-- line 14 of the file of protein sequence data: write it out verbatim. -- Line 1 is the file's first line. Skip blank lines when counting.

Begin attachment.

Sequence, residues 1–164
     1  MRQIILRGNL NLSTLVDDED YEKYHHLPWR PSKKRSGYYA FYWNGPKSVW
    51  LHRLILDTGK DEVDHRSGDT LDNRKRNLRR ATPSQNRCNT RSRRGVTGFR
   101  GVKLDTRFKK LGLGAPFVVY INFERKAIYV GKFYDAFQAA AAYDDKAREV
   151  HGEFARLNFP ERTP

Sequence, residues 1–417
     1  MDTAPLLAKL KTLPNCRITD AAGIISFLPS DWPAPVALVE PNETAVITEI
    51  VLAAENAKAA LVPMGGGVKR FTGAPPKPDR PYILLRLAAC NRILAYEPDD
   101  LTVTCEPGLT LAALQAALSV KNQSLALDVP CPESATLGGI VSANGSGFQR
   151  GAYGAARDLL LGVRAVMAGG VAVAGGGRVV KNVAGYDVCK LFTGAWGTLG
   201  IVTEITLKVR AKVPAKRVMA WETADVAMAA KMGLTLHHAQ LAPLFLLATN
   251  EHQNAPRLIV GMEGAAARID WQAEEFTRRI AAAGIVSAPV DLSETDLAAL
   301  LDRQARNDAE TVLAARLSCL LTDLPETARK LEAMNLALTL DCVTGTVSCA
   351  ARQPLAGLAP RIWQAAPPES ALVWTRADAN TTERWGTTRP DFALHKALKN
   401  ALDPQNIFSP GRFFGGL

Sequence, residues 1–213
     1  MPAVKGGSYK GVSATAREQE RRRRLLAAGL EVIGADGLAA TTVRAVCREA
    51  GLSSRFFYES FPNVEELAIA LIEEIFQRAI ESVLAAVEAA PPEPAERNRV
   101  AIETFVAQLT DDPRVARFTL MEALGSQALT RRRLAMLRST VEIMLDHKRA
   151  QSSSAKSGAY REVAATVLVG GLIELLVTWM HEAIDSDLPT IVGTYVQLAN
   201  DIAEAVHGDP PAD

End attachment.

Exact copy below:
   351  ARQPLAGLAP RIWQAAPPES ALVWTRADAN TTERWGTTRP DFALHKALKN